The book is great to read as a class or by children on their own - but beyond the magic and games, the story will offer discussions, perhaps will open pathways of dialogue between friends, between parents and children - about relationships, guilts and our identities. 

If you have not read this book yet, what are you waiting for? 

Listen to Aisha Bushby read a little from this book here. 

Chitra Soundar is an internationally published, award-winning author of over 40 books for children. She is also an oral storyteller and writer of theatre and TV for children. Her stories are inspired by folktales from India, Hindu mythology and her travels around the world. Find out more at Follow her on Twitter @csoundar


Wednesday 9 December 2020

Waiting for Wolf by Sandra Dieckmann, review by Lynda Waterhouse

 Shaun Tan describes this beautiful story as ‘A heartfelt fable about the pain of grief, and the joy of its revelation.’ If these wise words were not enough to encourage me to open the book, then the quote from Daniel Johnson’s lyrics worked their magic.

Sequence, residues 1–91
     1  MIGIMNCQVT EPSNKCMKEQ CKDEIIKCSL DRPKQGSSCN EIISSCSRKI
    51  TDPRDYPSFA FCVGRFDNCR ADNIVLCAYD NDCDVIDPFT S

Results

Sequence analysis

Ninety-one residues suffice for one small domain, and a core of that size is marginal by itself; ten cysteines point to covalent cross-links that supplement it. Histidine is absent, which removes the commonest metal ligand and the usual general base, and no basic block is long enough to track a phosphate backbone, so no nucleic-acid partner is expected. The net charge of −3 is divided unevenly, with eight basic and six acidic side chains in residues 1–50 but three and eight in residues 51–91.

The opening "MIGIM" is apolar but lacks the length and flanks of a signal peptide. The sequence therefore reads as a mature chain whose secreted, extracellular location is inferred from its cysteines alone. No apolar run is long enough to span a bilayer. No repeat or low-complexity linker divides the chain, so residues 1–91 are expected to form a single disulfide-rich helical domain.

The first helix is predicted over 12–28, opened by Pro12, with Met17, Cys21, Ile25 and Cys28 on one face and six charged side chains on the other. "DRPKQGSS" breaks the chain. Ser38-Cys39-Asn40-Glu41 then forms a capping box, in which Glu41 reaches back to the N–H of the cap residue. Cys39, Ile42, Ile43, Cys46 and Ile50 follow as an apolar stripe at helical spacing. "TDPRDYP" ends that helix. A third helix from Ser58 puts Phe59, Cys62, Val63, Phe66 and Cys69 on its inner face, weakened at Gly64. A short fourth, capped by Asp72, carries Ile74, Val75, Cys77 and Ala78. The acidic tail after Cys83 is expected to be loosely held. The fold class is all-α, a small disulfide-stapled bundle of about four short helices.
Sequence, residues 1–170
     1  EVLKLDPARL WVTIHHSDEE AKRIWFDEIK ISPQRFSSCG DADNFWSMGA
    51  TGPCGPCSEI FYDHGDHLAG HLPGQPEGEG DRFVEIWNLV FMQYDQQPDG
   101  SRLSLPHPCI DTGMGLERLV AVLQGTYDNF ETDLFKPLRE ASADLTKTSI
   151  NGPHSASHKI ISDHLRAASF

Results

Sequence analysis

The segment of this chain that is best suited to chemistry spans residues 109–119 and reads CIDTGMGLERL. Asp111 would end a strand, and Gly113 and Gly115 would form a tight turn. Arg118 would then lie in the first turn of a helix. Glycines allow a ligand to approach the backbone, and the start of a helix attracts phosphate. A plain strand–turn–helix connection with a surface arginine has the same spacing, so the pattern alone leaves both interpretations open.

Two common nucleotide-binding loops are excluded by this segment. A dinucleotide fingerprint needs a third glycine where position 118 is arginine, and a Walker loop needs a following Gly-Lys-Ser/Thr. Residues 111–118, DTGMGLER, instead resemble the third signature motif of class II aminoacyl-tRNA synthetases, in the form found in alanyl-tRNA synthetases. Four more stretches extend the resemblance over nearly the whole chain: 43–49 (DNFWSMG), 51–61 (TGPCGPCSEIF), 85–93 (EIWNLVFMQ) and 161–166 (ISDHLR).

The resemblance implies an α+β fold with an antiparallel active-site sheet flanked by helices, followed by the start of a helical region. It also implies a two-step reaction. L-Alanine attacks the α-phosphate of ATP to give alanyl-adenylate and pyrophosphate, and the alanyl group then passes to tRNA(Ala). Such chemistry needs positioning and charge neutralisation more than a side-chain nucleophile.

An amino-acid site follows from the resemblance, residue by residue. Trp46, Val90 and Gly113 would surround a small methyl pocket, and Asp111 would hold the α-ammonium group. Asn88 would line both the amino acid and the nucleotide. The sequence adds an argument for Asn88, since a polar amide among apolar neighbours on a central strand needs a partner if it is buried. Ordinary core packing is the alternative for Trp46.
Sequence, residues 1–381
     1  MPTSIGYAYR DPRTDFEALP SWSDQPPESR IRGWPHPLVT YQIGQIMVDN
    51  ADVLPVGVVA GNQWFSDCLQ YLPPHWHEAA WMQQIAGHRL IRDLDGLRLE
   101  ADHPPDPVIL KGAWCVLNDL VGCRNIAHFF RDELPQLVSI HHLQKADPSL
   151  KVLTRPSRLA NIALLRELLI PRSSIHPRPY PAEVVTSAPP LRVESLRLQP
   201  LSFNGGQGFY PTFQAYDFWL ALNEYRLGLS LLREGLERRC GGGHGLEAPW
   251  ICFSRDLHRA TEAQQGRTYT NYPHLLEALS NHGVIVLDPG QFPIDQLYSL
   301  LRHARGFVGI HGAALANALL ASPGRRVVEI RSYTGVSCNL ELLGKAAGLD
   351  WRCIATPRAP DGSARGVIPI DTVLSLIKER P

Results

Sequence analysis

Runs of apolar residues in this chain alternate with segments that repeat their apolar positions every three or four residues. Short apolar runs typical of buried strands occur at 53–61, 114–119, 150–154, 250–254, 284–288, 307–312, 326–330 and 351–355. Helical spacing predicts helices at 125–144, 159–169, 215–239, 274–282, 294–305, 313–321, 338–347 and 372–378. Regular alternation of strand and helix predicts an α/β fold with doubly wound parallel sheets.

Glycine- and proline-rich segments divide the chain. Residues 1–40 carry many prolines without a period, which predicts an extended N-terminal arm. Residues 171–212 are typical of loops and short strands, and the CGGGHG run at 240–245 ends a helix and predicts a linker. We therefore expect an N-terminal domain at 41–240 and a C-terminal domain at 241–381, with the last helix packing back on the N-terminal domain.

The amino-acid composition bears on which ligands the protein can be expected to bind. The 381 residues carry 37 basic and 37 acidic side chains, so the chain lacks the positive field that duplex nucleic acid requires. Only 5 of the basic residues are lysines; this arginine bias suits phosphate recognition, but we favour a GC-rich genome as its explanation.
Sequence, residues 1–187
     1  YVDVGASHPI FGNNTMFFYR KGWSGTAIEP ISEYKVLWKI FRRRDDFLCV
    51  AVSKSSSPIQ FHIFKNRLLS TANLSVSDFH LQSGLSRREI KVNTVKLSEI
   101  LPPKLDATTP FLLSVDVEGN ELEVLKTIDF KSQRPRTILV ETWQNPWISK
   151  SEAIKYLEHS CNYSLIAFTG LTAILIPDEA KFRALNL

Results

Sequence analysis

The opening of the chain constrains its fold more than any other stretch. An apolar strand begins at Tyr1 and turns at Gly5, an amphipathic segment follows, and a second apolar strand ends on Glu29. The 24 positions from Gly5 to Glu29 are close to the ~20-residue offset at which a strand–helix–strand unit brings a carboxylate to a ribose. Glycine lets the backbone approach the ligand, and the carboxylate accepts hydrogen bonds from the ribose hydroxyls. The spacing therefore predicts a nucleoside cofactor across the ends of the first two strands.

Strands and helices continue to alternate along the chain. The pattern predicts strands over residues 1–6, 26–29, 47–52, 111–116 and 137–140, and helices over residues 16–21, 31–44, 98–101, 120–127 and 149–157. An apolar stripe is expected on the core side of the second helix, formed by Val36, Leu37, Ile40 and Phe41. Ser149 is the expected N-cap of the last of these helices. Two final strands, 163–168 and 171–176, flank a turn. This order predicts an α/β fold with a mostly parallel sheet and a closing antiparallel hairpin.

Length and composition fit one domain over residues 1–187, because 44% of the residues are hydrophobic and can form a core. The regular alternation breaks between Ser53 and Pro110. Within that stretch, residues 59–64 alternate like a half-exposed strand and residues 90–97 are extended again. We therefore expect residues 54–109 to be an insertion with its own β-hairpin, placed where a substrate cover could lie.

‘The colours are bright, bright as ever.

The red is strong, the blue is true.

Some things last a long time.

Some things last a lifetime.

I had seen Daniel Johnson perform at the Union Chapel; taken there by a good friend. A few years later, just like Wolf, my friend had disappeared from our lives.   

So, this is how the story goes:

Fox and his old friend Wolf spend a perfect day together at their favourite spot by the lake. They talk and laugh and swim together in the bright sunshine. Towards the end of this perfect day, Wolf places a big, grey paw on Fox’s shoulder and says, ‘Tomorrow I will be starlight.’

The next day Wolf is nowhere to be found. Fox searches everywhere and still she waits for Wolf.

He said he was going to be starlight,

So maybe he’s up there in the sky.’

As night falls Fox heads up the mountains that surround the lake and calls out for Wolf. She is in search of the brightest star. She pulls the ‘shining star blanket’ around her and cries in the darkness. This is the moment that she knows that Wolf is never coming back. Through her tears she recalls Wolf’s words; ‘Life really is beautiful.’ From that moment ‘all the things they had done together came flooding back in bright colours.’  Fox now understands that Wolf is gone but all their happy memories would be with her always. She is able to carry on.